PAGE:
The other thing is, that my position here at IUB is paid by a project from the DFG, the German science foundation that is part of the string theory progam they run and is supposed to be about applications of non-commuative geometry.

Thus I got back into these matters and recently at the "Beyond the standart model" workshop I wanted to talk about something else then the Loop String (I will do this again in two weeks time in Hannover) so I put out a proposal how to properly define the free, decoupled center of mass U(1) for a D-brane with constant B-field which induces non-commutativity.

Next Monday, I will present this as well at the DFG string Schwerpunkt (center of mass, sic) workshop. However, I cannot talk 45 minutes about a five page paper, so will have to come up with something else. Most likely (still six days to go) it will be more about non-commutative and non-abelian D-branes (my title is Non-commutative vs non-abelian) and I will also cover some of Peter's ideas. This is supposed to be also about future plans but I don't feel too comfortable to talk about things that haven't been demonstrated to work, yet.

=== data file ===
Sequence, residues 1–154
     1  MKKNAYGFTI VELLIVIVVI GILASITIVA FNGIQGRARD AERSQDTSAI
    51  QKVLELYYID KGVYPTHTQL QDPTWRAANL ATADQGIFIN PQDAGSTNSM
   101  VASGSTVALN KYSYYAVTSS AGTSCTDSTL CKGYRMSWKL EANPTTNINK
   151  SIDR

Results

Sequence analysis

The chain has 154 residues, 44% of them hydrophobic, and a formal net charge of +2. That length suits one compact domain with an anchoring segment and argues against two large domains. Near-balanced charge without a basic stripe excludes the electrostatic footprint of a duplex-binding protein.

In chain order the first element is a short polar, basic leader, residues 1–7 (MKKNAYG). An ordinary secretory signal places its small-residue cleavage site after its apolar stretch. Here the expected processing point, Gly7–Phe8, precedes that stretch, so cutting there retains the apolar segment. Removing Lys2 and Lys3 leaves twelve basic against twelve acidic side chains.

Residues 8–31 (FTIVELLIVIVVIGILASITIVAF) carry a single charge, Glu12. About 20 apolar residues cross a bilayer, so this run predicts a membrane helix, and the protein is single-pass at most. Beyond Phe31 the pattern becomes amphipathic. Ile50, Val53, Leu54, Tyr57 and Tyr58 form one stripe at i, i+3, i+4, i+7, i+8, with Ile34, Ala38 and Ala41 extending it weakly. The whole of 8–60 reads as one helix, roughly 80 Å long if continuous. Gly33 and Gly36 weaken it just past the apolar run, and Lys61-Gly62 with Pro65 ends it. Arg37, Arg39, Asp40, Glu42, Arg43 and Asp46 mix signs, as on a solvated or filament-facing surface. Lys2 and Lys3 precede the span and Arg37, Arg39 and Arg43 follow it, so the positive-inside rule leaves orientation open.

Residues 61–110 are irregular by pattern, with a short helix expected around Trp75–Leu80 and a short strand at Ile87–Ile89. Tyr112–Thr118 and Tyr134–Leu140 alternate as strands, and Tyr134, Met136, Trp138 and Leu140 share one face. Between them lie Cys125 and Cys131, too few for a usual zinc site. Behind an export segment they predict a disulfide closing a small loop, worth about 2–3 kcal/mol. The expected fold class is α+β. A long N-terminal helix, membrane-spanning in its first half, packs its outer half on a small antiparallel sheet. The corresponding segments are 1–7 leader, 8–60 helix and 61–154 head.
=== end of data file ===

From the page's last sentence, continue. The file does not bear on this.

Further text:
Finally, I also had my birthday recently. Among the things I got was a jigsaw puzzle (my dad proved questionable test when he picked that picture. The motivation appears to be that A. and I quite liked the Hopper exhibition at Tate Modern last summer). The other thing I got is a digital camera, so now, you, dear readers of my blog, can watch my progress with the puzzle.

On day one I did some basic sorting and assembled part of the boundary and the jelly bears:

On day two, I finished the boundary and made some progress on the bulk:

I wonder if everybody has this holographic approach to do puzzles? Furthermore, it's really like string theory: You work out some local bit (e.g. a pink jelly bear) and then this medium size structure just fits with what you have done before on a global scale. Amazing.